1 There has been a startling rise in the number of anti-ageing products on the market. 2 Do you believe the world will be trouble-free in the future? 3 I’m a pessimist. I don’t hold out much hope for a better world. 4 First published in the 1930s, the data remains an absolutely indispensable resource. 5 Most health-food companies have online brochures of their products. 6 He has a very selective memory – he only remembers what he wants! 7 Can you pinpoint the site on the map? 8 The government’s refusal to hand back the relics caused a major diplomatic incident. 9 What is the price of admission to the exhibition?
10 We need many alternative forms of fuel. 11 We need to ensure there are fewer nasty weapons about. 12 He leads a very solitary life. 3
1 I really regret not being able to come to the museum with you. 2 The shuttle is expected to reach / It’s expected that the space shuttle will reach its destination by next Tuesday. 3 It is considered to be the most daring space mission yet. 4 What they did was make us work 12 hours a day. 5 The archaeologist has stopped talking to his assistant. 6 Do/Would you mind me sharing your programme? 7 It is the director who decides who goes on the mission. 8 They have given up making any effort to find life on Mercury.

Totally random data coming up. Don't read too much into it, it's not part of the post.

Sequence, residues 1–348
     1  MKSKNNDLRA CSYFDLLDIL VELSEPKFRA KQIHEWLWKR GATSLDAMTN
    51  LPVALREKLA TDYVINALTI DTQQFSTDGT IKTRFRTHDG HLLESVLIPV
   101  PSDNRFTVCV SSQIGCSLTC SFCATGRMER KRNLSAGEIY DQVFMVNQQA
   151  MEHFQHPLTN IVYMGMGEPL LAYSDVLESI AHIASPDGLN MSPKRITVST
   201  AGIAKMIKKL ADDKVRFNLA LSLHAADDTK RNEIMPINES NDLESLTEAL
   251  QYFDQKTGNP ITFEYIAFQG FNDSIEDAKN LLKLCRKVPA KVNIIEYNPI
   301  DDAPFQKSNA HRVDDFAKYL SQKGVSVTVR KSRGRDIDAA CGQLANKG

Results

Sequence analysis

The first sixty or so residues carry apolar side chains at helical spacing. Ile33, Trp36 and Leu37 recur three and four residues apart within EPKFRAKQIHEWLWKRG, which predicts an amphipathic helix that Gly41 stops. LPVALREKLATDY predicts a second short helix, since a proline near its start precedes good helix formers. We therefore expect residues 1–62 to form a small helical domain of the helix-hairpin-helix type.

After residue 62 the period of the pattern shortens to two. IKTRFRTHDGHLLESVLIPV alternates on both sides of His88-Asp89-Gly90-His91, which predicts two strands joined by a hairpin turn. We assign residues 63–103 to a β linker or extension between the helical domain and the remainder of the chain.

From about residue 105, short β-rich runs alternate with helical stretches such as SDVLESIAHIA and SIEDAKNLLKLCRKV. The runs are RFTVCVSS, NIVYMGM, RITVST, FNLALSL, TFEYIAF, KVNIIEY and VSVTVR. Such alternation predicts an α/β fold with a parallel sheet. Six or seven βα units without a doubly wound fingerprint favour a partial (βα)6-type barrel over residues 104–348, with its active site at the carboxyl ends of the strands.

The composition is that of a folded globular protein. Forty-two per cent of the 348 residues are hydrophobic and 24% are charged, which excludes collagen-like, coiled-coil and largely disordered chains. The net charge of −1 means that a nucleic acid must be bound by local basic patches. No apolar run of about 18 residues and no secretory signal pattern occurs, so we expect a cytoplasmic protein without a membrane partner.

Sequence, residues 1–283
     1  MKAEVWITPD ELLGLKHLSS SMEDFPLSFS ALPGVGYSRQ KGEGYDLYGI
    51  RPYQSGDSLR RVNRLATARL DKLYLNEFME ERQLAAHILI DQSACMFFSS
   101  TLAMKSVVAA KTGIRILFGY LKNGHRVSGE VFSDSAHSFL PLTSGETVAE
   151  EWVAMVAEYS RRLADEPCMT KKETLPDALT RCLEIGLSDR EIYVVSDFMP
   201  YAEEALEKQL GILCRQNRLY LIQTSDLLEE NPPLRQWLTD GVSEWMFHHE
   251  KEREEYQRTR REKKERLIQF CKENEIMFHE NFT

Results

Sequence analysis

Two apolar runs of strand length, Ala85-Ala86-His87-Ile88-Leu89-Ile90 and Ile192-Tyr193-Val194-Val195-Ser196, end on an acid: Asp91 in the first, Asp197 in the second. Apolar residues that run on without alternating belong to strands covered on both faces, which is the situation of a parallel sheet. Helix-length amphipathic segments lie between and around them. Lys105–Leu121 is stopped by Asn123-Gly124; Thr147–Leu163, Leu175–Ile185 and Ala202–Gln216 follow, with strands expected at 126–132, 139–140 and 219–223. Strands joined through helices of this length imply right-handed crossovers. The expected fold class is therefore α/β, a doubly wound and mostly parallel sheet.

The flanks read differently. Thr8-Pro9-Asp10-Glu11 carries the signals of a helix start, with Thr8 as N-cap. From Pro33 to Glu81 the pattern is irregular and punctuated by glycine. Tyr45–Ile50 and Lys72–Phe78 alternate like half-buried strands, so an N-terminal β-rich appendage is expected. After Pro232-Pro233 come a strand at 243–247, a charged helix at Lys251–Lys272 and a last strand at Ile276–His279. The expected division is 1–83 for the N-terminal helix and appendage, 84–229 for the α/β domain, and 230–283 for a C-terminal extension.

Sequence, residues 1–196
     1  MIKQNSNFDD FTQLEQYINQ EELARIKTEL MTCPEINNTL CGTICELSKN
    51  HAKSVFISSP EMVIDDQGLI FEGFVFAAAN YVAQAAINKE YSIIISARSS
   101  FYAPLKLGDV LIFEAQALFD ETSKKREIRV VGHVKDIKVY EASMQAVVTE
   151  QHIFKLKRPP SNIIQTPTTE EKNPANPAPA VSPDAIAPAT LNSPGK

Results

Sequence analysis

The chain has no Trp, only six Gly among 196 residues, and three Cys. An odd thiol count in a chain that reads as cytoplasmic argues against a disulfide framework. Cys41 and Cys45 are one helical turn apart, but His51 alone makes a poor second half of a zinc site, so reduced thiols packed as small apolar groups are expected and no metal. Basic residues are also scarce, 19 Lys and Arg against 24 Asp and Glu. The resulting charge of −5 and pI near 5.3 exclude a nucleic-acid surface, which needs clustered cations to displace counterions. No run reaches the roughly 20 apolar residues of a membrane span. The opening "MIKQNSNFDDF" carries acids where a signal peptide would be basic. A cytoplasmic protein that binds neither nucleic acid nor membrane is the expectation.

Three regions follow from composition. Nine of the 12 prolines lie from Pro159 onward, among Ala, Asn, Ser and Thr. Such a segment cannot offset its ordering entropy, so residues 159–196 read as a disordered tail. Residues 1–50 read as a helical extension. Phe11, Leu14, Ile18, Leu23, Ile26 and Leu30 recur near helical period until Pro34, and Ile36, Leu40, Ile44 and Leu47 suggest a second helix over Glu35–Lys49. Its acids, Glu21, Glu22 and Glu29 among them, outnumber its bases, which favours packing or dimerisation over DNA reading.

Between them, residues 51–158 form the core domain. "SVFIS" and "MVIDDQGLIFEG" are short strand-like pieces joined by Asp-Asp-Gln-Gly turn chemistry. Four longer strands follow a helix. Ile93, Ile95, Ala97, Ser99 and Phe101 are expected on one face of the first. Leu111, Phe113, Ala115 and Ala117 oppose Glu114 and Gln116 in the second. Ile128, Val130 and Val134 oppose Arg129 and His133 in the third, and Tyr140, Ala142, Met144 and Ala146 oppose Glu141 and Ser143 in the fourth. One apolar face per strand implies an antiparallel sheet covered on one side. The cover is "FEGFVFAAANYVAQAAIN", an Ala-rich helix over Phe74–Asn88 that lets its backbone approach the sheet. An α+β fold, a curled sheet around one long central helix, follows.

1 where 2 were 3 What 4 was 5 making 6 reason 7 that 8 It 9 who 10 things 11 is 12 to 13 be 14 did 15 Whatever/Despite
Module 7A Reading p.104
1 C – (line 9 in pursuit of what?) 2 C – (line 16 before succumbing to mental and physical pressures) 3 B – (line 32 – We all have strange compulsions and we all choose to prove ourselves in different ways) 4 A – (line 47 we need to be free of our comfortable lives at times; to push ourselves …) 5 D – (line 53 her husband … left her to it and line 56 she finished the competition) 6 B – (line 68 spare a thought for a man haunted by his sense of self-worth and wish him well)